US President Donald Trump blended tough talk with chumminess as he engaged with his Chinese counterpart Xi Jinping during a trip to Beijing, boasting about a “very good chemistry” between the two leaders, the Wall Street Journal reports.
On Thursday, Trump spoke in remarkably conciliatory tones during joint appearances with Xi, calling China’s leader “a very special man”, the report said.
He blamed past US administrations, rather than Beijing, for what he described as a “very one-sided and unfair” trade relationship, adding, “but we’ll make it fair and it’ll be tremendous to both of us.”
While thanking Xi for his recent efforts to restrict trade and banking ties with North Korea, Trump urged further steps to press Pyongyang to halt its nuclear-weapons program.
“China can fix this problem easily and quickly,” he said. “You know one thing about your president: If he works on it hard, it will happen. There’s no doubt about it.”
Trump did include some tough talk in his pledge to tackle trade imbalances.
“We must immediately address the unfair trade practices that drive this deficit,” he said, days after data showed that China posted almost US$27 billion trade surplus with the US in October.
“We really have to look at access, forced technology transfer and the theft of intellectual property, which just by and of itself is costing the United States and its government at least 300 billion dollars a year.”
Xi kept his own statements more formal, saying friction between China and the US was unavoidable but the countries should strengthen communication and cooperation in Asia-Pacific affairs.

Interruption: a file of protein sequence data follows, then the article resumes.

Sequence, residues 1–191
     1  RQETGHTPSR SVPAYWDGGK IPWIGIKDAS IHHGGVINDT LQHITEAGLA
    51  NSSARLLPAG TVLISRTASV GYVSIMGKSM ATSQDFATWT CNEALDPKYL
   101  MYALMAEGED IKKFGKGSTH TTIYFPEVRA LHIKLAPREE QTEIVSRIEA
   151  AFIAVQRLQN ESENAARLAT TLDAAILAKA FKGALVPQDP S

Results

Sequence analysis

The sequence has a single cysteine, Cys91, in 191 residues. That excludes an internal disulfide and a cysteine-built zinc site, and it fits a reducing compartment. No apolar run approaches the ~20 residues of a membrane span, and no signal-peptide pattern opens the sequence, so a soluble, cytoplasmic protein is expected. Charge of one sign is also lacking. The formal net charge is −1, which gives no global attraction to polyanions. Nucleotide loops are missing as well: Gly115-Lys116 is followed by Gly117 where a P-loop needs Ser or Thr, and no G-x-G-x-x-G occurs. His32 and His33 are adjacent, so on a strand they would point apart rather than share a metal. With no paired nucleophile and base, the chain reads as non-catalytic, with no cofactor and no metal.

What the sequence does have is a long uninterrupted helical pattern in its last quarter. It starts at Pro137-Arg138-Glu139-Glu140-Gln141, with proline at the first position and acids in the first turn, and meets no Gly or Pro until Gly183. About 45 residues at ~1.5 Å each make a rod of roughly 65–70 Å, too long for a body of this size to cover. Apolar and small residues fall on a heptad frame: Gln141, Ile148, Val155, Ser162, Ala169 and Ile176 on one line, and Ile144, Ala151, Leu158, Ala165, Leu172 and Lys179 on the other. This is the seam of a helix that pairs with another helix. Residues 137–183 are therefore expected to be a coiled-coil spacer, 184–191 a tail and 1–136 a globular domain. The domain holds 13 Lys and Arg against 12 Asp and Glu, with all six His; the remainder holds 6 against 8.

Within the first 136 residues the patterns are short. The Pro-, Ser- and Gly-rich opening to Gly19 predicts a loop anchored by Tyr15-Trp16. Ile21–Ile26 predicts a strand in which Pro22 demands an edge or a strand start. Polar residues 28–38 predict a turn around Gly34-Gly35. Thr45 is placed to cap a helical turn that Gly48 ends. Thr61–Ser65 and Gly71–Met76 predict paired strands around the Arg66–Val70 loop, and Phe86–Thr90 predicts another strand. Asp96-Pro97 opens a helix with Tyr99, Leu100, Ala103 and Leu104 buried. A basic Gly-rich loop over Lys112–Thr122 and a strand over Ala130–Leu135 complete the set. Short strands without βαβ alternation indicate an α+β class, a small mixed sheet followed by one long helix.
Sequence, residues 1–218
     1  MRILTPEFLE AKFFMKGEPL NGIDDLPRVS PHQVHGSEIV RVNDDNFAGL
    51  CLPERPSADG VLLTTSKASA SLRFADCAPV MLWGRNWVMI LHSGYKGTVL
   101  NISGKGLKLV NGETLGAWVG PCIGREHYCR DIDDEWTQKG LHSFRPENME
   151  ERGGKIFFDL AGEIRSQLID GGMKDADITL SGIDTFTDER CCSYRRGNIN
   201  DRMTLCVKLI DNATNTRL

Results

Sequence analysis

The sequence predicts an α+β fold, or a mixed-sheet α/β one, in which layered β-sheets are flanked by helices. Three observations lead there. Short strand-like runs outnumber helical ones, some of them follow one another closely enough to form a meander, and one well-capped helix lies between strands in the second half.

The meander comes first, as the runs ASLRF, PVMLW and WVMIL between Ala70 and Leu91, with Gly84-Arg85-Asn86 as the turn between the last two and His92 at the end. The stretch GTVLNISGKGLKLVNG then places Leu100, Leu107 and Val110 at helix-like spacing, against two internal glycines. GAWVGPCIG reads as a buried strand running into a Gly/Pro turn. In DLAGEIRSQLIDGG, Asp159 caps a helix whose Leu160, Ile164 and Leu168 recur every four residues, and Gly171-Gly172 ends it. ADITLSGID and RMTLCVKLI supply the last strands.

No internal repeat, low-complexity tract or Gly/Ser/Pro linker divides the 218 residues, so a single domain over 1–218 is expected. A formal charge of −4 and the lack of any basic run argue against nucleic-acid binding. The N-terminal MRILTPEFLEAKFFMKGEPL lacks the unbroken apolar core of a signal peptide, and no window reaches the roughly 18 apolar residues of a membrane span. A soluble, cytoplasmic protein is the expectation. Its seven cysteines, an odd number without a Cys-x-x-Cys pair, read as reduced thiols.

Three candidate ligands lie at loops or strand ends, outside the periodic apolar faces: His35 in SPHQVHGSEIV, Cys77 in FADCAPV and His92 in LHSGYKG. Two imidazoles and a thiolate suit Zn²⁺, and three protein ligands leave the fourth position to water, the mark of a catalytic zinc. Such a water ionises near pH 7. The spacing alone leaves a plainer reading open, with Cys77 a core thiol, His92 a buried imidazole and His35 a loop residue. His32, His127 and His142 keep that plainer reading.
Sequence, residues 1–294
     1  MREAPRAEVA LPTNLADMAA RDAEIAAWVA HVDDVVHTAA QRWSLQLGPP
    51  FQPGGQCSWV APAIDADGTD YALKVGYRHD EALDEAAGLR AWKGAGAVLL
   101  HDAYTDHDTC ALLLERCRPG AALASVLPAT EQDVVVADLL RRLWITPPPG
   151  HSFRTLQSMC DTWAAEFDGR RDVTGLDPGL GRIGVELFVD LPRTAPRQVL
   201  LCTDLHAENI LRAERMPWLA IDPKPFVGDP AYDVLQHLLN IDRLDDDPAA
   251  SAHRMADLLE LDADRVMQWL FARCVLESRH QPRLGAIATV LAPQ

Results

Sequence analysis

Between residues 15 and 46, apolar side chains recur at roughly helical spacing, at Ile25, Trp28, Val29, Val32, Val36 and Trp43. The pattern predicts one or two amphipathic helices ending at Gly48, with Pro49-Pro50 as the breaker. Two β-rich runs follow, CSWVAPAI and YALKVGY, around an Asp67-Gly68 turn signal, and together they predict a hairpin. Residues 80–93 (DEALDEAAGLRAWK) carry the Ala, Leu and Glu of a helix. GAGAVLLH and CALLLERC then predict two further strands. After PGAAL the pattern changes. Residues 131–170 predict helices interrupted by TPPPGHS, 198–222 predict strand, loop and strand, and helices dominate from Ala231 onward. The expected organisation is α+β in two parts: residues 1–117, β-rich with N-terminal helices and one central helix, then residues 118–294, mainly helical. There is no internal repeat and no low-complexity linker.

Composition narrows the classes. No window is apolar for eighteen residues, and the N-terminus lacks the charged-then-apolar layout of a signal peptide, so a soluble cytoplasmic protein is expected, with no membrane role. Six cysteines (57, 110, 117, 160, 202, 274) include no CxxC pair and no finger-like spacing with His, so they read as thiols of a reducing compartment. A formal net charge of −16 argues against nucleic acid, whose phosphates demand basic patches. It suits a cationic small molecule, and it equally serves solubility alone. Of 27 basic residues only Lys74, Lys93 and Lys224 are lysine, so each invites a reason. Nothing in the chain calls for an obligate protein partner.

“I told President Trump that the Pacific Ocean is big enough for both China and the US,” Xi said.
The priority for both sides appears to have been to develop the personal connection between the two leaders during what Chinese officials called a “state-visit-plus”, the report said.
In addition to a state banquet on Thursday, Xi and his wife escorted the US first couple on a private tour of the Forbidden City with dinner on Wednesday, the first American president to receive such treatment from his Chinese counterpart.
Beijing’s strategy appears to be to flatter Trump into easing up on pressure over trade and North Korea and acknowledging China’s territorial interests and ambitions for a leading role on the world stage, the Journal noted.
US Secretary of State Rex Tillerson told reporters in Beijing that the chemistry between the two leaders allowed them to speak more plainly.
Xi had suggested he didn’t expect immediate results from UN sanctions on North Korea but believed they were having an effect, Tillerson said.
“Clearly, we have our own views of the tactics and the timing and how far to go with pressure, and that’s what we spent a lot of time exchanging views on,” he said.
However, he acknowledged that on trade, “the things that have been achieved thus far are pretty small.”
The two sides unveiled business deals they valued at more than US$250 billion, but many were already in the making or not actual contracts.
The leaders now take their competing agendas to the 21-member Asia-Pacific Economic Cooperation summit in Da Nang, Vietnam, on Friday and Saturday.
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